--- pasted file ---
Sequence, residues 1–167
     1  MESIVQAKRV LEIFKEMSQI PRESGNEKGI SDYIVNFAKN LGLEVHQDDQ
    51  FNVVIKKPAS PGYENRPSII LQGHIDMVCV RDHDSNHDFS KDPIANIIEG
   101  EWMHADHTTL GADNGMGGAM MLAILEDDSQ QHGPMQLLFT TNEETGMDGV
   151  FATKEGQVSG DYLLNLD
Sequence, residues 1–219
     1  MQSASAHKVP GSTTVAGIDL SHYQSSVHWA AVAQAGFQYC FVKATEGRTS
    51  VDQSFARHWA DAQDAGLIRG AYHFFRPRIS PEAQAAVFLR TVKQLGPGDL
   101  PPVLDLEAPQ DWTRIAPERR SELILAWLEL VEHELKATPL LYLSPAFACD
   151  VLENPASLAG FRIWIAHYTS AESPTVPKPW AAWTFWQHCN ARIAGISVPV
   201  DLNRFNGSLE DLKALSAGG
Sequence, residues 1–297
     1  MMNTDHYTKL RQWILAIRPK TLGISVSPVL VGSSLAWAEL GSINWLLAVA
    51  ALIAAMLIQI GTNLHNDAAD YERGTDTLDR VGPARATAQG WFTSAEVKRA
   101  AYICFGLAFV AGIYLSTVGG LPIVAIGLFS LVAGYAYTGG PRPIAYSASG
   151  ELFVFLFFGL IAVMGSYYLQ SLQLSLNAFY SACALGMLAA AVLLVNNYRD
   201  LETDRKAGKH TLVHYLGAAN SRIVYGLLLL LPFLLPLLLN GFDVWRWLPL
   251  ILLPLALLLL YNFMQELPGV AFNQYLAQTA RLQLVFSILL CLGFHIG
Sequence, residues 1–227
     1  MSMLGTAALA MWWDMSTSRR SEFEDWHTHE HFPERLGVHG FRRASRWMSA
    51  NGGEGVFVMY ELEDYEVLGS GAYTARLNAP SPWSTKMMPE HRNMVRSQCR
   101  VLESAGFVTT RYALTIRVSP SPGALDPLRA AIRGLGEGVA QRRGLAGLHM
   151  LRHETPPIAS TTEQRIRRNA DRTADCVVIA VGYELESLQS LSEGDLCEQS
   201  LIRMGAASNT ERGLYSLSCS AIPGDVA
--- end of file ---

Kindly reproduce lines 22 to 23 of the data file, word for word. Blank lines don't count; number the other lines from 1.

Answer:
   101  VLESAGFVTT RYALTIRVSP SPGALDPLRA AIRGLGEGVA QRRGLAGLHM
   151  LRHETPPIAS TTEQRIRRNA DRTADCVVIA VGYELESLQS LSEGDLCEQS